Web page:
Hiking near Haleakalā National Park Cabins delivers you into verdant volcanic landscapes that slide down into the glimmering ocean. The law requires hikers to remain on the marked trails in order to maintain the delicate balance of Hawaii's ecosystems. While hiking in the park, be aware that weather conditions can change rapidly. Don't miss out on these hikes through this extraordinary natural environment:
Wreathed in mist, the mouth of the volcano bears itself in the gilded morning sunlight. Down the southern side of the volcano, this trail winds silently over crunchy cinders to a photogenic crater. The full trail unfolds over 9 miles through forests adorned with the flowering evergreen, ohi'a lehua. The elevation of the volcano's summit reduces the amount of oxygen in each breath, which can lead to symptoms like nausea, headaches, and dizziness. Give yourself about double the time for the ascent that you would need to get back down to the foothills.
Follow 3 miles of trail through a plenitude of green plant life. Ribboned with delicate streams and interspersed with red sprays of ohi'a flowers, this surreally beautiful trail epitomizes the tropical allure of Hawaii.
The loop trail south of Kawlinau holds the most picturesque vista of the crater. The goddess Pele reputedly created the islands of Hawaii in a fit of passionate rage which still simmers in the volcano to this day.
More endangered species live right outside Haleakalā National Park Cabins than in any other American national park. Due to the incredible isolation of the island, the introduction of new species was extremely rare, leaving the island's native species open to extinction once humans had altered the local ecosystems. In this unique park environment, the nature is unparalleled. Here's how to experience it to the fullest:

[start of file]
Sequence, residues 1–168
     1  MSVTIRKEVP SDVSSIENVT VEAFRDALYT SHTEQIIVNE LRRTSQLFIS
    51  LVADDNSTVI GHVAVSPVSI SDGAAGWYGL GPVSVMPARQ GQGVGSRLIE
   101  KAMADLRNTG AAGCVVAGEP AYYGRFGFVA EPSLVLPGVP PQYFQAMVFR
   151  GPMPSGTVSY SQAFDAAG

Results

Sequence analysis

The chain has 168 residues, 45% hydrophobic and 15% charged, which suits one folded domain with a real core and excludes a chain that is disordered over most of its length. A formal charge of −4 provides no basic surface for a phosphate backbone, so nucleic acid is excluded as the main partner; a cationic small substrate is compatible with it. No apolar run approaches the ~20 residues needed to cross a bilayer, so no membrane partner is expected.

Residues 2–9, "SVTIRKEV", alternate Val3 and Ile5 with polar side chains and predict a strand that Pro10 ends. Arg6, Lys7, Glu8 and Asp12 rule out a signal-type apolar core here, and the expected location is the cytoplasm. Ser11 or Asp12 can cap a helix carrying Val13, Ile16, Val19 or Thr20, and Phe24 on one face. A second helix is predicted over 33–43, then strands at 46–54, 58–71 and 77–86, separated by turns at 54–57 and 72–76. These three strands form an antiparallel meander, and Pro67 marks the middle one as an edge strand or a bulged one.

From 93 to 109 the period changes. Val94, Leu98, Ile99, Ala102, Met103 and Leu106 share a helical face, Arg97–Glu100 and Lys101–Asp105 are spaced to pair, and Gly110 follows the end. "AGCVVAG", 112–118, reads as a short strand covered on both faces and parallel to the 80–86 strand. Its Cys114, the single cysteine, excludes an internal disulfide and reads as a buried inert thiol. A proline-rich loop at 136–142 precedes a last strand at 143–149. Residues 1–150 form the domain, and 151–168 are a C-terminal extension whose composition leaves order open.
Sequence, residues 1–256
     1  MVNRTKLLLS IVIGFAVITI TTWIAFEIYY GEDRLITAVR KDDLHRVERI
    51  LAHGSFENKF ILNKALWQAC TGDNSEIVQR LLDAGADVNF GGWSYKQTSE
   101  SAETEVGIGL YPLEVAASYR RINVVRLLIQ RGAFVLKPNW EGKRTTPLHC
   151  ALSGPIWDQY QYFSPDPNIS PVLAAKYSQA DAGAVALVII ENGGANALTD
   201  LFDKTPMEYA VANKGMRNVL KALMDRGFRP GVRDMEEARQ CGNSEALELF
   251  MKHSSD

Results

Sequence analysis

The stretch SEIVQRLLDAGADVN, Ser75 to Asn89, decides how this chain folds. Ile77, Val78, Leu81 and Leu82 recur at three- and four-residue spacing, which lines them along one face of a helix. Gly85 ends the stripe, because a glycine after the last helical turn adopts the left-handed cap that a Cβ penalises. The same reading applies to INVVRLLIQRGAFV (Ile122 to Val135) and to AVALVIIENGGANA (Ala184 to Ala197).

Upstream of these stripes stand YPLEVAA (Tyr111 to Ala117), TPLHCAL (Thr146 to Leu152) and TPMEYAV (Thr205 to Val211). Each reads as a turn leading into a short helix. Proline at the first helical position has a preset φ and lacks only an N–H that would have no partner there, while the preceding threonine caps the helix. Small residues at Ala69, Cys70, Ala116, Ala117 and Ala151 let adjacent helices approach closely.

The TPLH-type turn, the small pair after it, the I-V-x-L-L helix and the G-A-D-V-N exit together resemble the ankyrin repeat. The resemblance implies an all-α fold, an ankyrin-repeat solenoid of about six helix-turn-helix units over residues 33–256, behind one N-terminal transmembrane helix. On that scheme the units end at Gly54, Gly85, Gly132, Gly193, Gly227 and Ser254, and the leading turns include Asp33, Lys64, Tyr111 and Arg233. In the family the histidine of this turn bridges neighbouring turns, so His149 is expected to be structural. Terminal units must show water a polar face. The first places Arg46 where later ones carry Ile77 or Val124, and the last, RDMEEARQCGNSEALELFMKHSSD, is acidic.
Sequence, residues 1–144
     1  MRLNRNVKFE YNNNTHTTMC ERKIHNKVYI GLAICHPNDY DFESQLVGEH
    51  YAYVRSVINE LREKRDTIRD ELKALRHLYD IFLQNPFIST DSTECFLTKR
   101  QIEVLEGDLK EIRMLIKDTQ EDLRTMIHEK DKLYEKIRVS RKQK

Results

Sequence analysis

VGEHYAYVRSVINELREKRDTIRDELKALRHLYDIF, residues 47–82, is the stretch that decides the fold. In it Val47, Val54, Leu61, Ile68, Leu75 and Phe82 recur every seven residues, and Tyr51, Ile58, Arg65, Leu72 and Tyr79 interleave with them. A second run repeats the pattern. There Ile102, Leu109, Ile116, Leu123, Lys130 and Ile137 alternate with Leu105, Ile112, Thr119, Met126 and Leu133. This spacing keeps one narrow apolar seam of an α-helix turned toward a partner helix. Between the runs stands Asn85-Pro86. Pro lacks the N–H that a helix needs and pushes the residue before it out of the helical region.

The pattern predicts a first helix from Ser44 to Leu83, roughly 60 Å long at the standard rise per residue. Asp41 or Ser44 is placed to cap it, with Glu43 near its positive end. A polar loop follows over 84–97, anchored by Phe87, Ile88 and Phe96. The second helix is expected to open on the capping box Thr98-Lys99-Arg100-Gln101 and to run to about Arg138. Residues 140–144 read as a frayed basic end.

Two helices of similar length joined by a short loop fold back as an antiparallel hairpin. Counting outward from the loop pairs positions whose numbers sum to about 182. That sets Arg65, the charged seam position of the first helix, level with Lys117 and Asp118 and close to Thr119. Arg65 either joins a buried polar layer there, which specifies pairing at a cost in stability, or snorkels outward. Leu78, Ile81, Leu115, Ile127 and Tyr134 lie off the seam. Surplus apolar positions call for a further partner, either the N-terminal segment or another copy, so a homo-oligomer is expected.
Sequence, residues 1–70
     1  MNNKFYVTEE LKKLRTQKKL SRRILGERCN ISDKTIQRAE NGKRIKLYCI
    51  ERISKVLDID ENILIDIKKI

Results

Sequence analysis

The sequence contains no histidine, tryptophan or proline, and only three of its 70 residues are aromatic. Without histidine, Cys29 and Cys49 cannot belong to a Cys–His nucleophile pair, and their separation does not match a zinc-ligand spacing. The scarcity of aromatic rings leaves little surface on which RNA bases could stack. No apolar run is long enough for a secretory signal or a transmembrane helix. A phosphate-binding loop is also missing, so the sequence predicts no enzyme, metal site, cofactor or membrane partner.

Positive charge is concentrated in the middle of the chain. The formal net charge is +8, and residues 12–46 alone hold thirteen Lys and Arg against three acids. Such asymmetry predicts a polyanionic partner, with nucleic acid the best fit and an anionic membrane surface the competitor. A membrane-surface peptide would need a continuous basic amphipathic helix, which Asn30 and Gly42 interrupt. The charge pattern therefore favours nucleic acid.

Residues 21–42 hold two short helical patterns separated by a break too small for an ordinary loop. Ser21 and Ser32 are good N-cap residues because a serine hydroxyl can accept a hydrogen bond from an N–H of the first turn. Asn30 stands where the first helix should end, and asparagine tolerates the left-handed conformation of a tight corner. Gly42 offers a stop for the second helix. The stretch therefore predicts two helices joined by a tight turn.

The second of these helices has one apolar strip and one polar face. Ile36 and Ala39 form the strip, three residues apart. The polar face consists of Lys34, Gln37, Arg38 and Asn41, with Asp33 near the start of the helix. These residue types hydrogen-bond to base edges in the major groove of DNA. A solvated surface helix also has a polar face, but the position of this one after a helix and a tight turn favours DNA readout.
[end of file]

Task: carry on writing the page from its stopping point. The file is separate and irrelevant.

Fly through canopies of eucalyptus trees and across canyons on 5 different zip lines. Visit Maui Lavender Farm next door before ascending the slopes of Haleakalā and zooming down once more, this time on cycling tracks that zigzag down the slope, providing natural acceleration.
Catch glimpses of bright birds shuffling through the scented pine and eucalyptus trees at Homer Grove. You'll spot nene, or Hawaiian geese, and other rare birdlife along this 1-mile loop trail.
Tucked away in ghostly bamboo groves, this graceful waterfall is surrounded by dense foliage which adorns 200-foot high basalt cliffs. Ancient banyan trees flourish near the Palikea Stream, and the bamboo trees make music together in the breeze. Waimoku Falls just along the boardwalk shoots 400 hundred feet downwards in a single rivulet.
According to Hawaiian legend, the demigod Maui imprisoned the sun on the island to lengthen the days. You'll find that family time in this pristine volcanic landscape radiate in gold just as the god intended. Here are the most golden family activities to enjoy at the park:
Stop by the Kipahulu Visitor Center to take part in traditional Hawaiian cultural activities, such as shell and seed lei-making demonstrations, weaving workshops, and world-famous hula dancing. Your family will love listening to the Hawaiian music and mo'olelo stories. The legends that surround the islands will transform your experience of this profoundly spiritual place. Take ukulele lessons and listen to Hawaiian steel guitar performances. Featherwork demonstrations and bamboo stamping delight children.
For more than 40 years, the University of Hawaii has carried out in-depth astrophysical experiments at this location. Due to the observatory's unique position on the face of the earth, these experiments have their exclusive laboratory here. One of the primary functions of the facility is observing satellites and debris in orbit around the earth. Stargazing at hotels near Haleakalā National Park, over which galaxies swirl nightly, is one of the most memorable experiences on the island.
Ascend to the highest point on the island. You'll feel as though you're on top of the world when you cast your eyes on the breathtaking panorama from the summit. The play of light dresses the crater alternately in grays, greens, and ochres.